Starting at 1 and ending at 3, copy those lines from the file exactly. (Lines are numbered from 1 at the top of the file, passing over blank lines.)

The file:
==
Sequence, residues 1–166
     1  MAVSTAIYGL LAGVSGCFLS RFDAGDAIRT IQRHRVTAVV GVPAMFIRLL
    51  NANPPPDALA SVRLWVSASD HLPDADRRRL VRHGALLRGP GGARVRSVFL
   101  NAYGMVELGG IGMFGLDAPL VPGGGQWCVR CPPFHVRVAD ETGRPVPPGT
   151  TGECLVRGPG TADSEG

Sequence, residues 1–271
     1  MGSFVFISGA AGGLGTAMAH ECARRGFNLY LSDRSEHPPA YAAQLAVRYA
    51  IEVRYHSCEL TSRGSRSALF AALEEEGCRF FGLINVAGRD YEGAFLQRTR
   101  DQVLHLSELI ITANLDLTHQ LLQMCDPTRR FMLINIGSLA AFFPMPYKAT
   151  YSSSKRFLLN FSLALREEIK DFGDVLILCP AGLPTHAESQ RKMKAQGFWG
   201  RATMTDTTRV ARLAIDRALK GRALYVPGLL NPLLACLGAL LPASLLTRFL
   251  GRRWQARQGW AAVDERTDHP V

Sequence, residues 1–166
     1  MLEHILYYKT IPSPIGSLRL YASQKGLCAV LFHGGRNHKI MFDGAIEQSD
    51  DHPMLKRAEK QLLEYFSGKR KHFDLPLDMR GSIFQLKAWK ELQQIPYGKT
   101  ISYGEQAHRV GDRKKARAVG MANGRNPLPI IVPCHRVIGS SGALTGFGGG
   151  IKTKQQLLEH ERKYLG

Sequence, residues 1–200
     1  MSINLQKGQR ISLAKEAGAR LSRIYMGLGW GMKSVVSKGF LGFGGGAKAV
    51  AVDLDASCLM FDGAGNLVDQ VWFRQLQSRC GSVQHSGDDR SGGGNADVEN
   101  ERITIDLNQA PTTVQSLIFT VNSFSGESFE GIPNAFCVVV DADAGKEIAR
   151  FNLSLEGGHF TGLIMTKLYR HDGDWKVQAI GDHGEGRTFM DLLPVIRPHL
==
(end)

Sequence, residues 1–166
     1  MAVSTAIYGL LAGVSGCFLS RFDAGDAIRT IQRHRVTAVV GVPAMFIRLL
    51  NANPPPDALA SVRLWVSASD HLPDADRRRL VRHGALLRGP GGARVRSVFL